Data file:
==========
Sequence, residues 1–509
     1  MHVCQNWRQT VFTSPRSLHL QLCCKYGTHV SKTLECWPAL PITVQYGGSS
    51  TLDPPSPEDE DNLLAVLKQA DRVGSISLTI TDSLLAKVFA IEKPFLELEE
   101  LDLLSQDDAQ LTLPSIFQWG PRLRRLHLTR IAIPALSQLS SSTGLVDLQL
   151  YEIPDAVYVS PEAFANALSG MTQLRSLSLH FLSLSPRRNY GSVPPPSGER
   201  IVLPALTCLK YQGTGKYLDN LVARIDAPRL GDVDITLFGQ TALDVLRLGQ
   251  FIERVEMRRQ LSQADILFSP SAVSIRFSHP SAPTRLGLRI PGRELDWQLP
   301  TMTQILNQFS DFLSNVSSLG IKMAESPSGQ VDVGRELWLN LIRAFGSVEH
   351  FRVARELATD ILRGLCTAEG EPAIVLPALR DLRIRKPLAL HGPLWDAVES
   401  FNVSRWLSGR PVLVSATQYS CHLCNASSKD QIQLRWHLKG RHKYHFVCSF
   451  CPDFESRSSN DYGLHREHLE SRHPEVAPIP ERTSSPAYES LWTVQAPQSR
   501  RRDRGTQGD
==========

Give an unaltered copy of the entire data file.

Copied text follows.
Sequence, residues 1–509
     1  MHVCQNWRQT VFTSPRSLHL QLCCKYGTHV SKTLECWPAL PITVQYGGSS
    51  TLDPPSPEDE DNLLAVLKQA DRVGSISLTI TDSLLAKVFA IEKPFLELEE
   101  LDLLSQDDAQ LTLPSIFQWG PRLRRLHLTR IAIPALSQLS SSTGLVDLQL
   151  YEIPDAVYVS PEAFANALSG MTQLRSLSLH FLSLSPRRNY GSVPPPSGER
   201  IVLPALTCLK YQGTGKYLDN LVARIDAPRL GDVDITLFGQ TALDVLRLGQ
   251  FIERVEMRRQ LSQADILFSP SAVSIRFSHP SAPTRLGLRI PGRELDWQLP
   301  TMTQILNQFS DFLSNVSSLG IKMAESPSGQ VDVGRELWLN LIRAFGSVEH
   351  FRVARELATD ILRGLCTAEG EPAIVLPALR DLRIRKPLAL HGPLWDAVES
   401  FNVSRWLSGR PVLVSATQYS CHLCNASSKD QIQLRWHLKG RHKYHFVCSF
   451  CPDFESRSSN DYGLHREHLE SRHPEVAPIP ERTSSPAYES LWTVQAPQSR
   501  RRDRGTQGD